A Nebraska judge has ordered a convicted felon not to use medical marijuana when he returns to California, even though the man is a registered patient under that state’s laws.
District Judge Jeffrey Funke of Sarpy County warned Joshua Nordstrum, 26, of California not to use medicinal cannabis. If he tokes, his probation could be revoked and he could go back to jail in Nebraska.
“You are not to possess marijuana even if you have a medical permit,” Funke said. “California says you can, but Nebraska says you can’t use it.”
Nordstrum pleaded guilty to attempted distribution of marijuana after Nebraska state troopers pulled him over Aug. 7 and found almost a pound of marijuana, plus hash and hash oil, in his rental car.
At his arrest, he provided police with his California medical marijuana card. All marijuana is illegal under Nebraska law, and there is no medical pot, though the state has decriminalized possession of small amounts.
As part of his plea agreement, Nordstrum was sentenced to two years probation. He had already served 98 days in jail. One of the terms of his probation was that he not use marijuana – even medical.
Funke had nothing to say about California’s medical marijuana law, good or bad, but he apparently had no compunction dictating patient rights across state lines. In this case, as he noted, Nordstrum displayed many of the characteristics of an addict, but that doesn’t mean other judges in other states won’t seek to block patient access simply as a means to express displeasure with legal weed.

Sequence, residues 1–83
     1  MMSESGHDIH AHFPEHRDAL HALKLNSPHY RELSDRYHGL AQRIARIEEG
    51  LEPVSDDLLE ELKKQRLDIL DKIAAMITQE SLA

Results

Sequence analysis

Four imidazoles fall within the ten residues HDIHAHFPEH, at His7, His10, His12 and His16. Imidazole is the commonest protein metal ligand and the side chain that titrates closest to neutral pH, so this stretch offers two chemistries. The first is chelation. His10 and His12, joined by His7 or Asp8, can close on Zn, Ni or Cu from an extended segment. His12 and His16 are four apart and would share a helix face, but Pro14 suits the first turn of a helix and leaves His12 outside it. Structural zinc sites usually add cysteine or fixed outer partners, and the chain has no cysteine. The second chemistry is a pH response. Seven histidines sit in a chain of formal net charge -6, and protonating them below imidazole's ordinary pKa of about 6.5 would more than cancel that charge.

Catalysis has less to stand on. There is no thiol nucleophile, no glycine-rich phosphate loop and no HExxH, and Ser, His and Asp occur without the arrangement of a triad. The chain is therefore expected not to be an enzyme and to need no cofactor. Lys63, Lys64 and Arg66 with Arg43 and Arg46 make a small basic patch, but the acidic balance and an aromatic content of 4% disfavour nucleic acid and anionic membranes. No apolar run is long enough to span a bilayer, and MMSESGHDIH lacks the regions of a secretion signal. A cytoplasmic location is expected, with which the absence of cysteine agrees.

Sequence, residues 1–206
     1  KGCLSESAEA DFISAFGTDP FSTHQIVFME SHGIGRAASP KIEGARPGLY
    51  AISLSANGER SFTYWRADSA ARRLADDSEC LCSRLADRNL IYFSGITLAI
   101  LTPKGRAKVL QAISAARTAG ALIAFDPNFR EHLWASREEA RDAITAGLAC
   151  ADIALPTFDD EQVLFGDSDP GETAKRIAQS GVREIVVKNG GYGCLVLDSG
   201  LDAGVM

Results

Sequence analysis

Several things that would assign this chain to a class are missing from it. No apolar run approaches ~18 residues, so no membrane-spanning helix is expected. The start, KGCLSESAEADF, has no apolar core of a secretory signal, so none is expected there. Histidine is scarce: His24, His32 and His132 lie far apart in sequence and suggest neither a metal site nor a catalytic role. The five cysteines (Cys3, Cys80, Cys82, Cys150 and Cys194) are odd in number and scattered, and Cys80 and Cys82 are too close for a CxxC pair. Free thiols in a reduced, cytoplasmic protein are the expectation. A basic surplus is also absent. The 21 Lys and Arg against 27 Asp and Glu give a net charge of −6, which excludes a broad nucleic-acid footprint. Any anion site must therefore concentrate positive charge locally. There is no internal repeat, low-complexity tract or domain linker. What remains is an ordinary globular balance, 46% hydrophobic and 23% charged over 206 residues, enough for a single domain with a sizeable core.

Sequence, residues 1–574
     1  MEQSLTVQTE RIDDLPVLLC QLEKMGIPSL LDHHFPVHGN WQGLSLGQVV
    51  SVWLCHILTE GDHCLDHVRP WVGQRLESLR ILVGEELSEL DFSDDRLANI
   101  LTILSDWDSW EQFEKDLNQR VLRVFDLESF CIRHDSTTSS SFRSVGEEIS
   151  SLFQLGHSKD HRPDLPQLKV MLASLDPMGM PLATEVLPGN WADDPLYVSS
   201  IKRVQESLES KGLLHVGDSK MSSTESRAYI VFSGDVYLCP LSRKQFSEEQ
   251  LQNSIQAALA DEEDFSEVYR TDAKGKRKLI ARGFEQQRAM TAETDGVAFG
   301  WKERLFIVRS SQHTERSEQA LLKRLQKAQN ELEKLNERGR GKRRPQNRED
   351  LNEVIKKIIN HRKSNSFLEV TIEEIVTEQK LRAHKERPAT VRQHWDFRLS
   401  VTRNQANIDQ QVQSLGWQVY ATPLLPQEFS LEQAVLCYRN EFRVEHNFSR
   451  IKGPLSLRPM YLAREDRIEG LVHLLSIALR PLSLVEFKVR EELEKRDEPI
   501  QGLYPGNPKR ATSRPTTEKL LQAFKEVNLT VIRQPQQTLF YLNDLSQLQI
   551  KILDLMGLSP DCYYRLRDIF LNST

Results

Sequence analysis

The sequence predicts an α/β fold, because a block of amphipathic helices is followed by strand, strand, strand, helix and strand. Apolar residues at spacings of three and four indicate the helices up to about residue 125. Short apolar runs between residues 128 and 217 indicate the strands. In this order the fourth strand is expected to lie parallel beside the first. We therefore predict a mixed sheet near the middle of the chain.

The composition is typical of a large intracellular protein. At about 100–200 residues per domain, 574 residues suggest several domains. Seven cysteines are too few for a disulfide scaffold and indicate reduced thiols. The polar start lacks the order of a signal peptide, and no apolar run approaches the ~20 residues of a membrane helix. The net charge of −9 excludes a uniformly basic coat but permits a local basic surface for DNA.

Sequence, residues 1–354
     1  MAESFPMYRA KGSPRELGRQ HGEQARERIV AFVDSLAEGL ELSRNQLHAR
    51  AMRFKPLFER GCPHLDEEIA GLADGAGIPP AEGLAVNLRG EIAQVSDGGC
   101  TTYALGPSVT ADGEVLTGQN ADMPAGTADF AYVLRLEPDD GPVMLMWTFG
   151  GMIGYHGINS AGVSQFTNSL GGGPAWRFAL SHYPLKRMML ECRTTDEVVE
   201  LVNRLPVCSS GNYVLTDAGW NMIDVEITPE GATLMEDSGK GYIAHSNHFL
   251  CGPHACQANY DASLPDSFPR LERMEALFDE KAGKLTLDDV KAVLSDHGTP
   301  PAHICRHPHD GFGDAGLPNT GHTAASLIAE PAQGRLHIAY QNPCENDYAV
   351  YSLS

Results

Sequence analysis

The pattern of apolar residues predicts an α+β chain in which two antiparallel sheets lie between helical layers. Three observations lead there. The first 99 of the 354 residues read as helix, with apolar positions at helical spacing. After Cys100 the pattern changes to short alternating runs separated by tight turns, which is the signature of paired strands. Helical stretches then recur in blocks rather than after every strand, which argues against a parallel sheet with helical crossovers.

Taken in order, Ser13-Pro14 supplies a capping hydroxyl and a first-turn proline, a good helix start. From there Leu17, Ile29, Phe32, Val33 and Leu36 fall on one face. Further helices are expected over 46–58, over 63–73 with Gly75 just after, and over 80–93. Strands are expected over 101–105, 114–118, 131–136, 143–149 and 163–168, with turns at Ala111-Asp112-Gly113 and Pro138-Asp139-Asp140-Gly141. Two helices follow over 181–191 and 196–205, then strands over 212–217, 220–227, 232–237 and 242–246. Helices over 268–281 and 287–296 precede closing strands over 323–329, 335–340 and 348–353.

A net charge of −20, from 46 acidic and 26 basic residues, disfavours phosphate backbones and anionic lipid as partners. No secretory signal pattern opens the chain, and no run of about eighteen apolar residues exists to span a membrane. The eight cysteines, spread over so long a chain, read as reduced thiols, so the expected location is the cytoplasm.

The judge noted that Nordstrum had been smoking pot since age 14 and had a history of trying any drug he met. His medical marijuana card indicated he used the drug to treat a kidney problem.
Nordstrum’s lawyer, public defender Michael Ziskey, acknowledged his client “had been self-medicating with marijuana to address other issues.” Nordstrum got sober during his three months in jail, and he told the judge he’s willing to seek long-term addiction treatment while on probation.
Funke told Nordstrum his probation requires that he waive extradition – so if he violates probation while in California, he can be extradited to Nebraska to serve out his full sentence. That would amount to five years in prison. The judge compared Nordstrum’s predicament – and his own ruling – with the case of an alcoholic ordered not to drink.
“Alcohol is legal here, but if it’s a problem you have to stop,” he said.
The analogy isn’t perfect, though, since very few patients are deprived of “medical alcohol” when they’re ordered to stop drinking. What remains to be seen is whether other judges, or other state lawmakers, will deprive real patients of their weed as a means to interfere with the legal marijuana policies of states like California.